Abortion is a term used to define the death of an unborn child in the womb voluntarily by the mother within 24 weeks of pregnancy using medicine or surgical procedure. Often sometimes we mistake it with the term “miscarriage”. However, both these terms are different. Miscarriage is a naturally occurring event where a child dies inside the womb due to the non-development of the fetus.

Miscarriage is also known as Spontaneous Abortion. In this modern era, it has become legal in many countries. In the 1960s only 15 countries had legalized them while India made it legal in 1971. Abortion is still criminalized in India to some extent, and to control such activities, a law was formed.

Abortion law in INDIA

Before 1971, it was criminalized under section 312 of the Indian Penal Code and described it as ‘intentionally causing miscarriage’ except in the cases where the life of the mother needed to be saved.

In 1964 a committee was formed by the Govt. of INDIA led by Shantilal Shah to draft the Abortion law in India. The draft of this committee was accepted in 1970 and proposed in the parliament in 1971. The bill was passed in August 1971 as the “Medical Termination of Pregnancy (MTP) Act”.

Medical Termination Act, 1971

According to research, it is estimated that more than 15 million abortions take place in India every year among them a significant proportion are considered to be unsafe leading to the death of the mother.

The Medical Termination of Pregnancy (MTP) Act provides a legal framework for making CAC (Comprehensive Abortion care) services available. Some of the common aspects of the MTP act are:-

  • Abortion can be done up to 20 weeks of pregnancy.
  • It needs to be conducted if there is a risk to the life of a woman to continue the pregnancy if there is a risk that the child would be dead or abnormal after birth.
  • It can also be conducted if pregnancy is caused by rape causing injury to the woman mentally or if it happened due to the failure of contraceptives.
  • The MTP act specifies that the procedure can only be conducted by the recognized medical practitioner who has medical qualification under the Indian Medical council act, who also has registered his name in State Medical Register and also has experience as per MTP rules.
  • Pregnancy can be aborted in government hospitals having CAC services. Private hospitals, however, require the approval of the government from the District level committee.
  • As per the provisions of the MTP Act, only the consent of the woman is required if she is above 18 years. For a minor or a woman who is mentally ill, the consent of a guardian is also required.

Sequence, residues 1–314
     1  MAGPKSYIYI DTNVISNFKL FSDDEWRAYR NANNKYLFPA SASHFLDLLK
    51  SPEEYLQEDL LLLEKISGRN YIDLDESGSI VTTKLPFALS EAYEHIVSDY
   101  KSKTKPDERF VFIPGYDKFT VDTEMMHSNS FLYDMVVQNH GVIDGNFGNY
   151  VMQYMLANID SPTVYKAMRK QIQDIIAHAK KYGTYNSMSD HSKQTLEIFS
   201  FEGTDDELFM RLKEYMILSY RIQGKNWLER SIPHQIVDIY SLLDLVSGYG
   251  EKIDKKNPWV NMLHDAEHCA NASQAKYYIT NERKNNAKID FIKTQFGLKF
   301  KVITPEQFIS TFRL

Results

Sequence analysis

• MTP Act specifies that for abortion up to 12 weeks, the opinion of only one Registered Medical Practitioner(RMP) is required, however, for termination between 12-20 weeks opinions of 2 RMPs are necessary.

MTP Act, Amendment, 2002

The MTP act required an amendment for a long time to facilitate the proper implementation and increase access for women, especially in the private health sector. The amendments made in the act were:-

  • The amendment meant that the government decentralized the process of approval to offer CAC services to a district-level committee that is empowered to approve such proposals from private hospitals.
  • The word “Lunatic” is substituted with “mentally-ill person”. This was done to draw attention that ‘mentally-ill person’ means who is in need of mental treatment.
  • Strict penalties were introduced for unapproved sites or unapproved/untrained medical practitioners conduction MTP.

The MTP Rules, 2003 states that the district level committee should include a Surgeon/Gynecologist/Anesthetist while others must be from the local medical profession or non-government organizations. MTP Rules, 2003 provide specific guidelines to the approved place for offering CAC services.

According to MTP Rules, 2003 an approved place can be inspected by the Chief Medical Officer (CMO) of the District anytime to verify if the terminations are done safely. CMO is also authorized to cancel/suspend the certificate of the private place if the report doesn’t meet the requirements mentioned under the rules.


MTP Act, Amendment, 2020

The MTP Act was amended in March 2020 and made some crucial changes. The bill, however, requires further approval in the ensuing session of parliament to form a revised act. Some of the changes proposed to this bill include:

  1. Extension of time for termination of Pregnancy
  2. Constitution of Medical Board
  3. Privacy Clause for protection

Extension of time for termination of Pregnancy

The amendment has extended the time-period of abortion from 20 weeks to 24 weeks.

Previously, termination required the consent of one doctor until 12 weeks and 2 doctors from 12-20 weeks. In the amendment, only one doctor’s consent is required till 20 weeks and 2 doctor’s from 20-24 weeks.

A separate category of women for termination at 24 or beyond 24 weeks only and only if:-

  • They are rape survivors,
  • Pregnancy caused due to incest,
  •  A woman is differently-abled,
  • A woman is a minor,
  • Abnormalities detected in the fetus during that period.

Constitution of Medical Board

The bill allows the constitution of a medical board which includes medical experts such as Sonologist, Radiologist, Gynaecologist. The Medical Board is authorized to examine the need for the termination of pregnancy if the upper limit of 24 weeks has passed.

Privacy Clause for Protection

The bill added a privacy clause which will make it a punishable offense if the identity of a woman seeking an abortion is revealed. The details can only be revealed to a person authorized by law.


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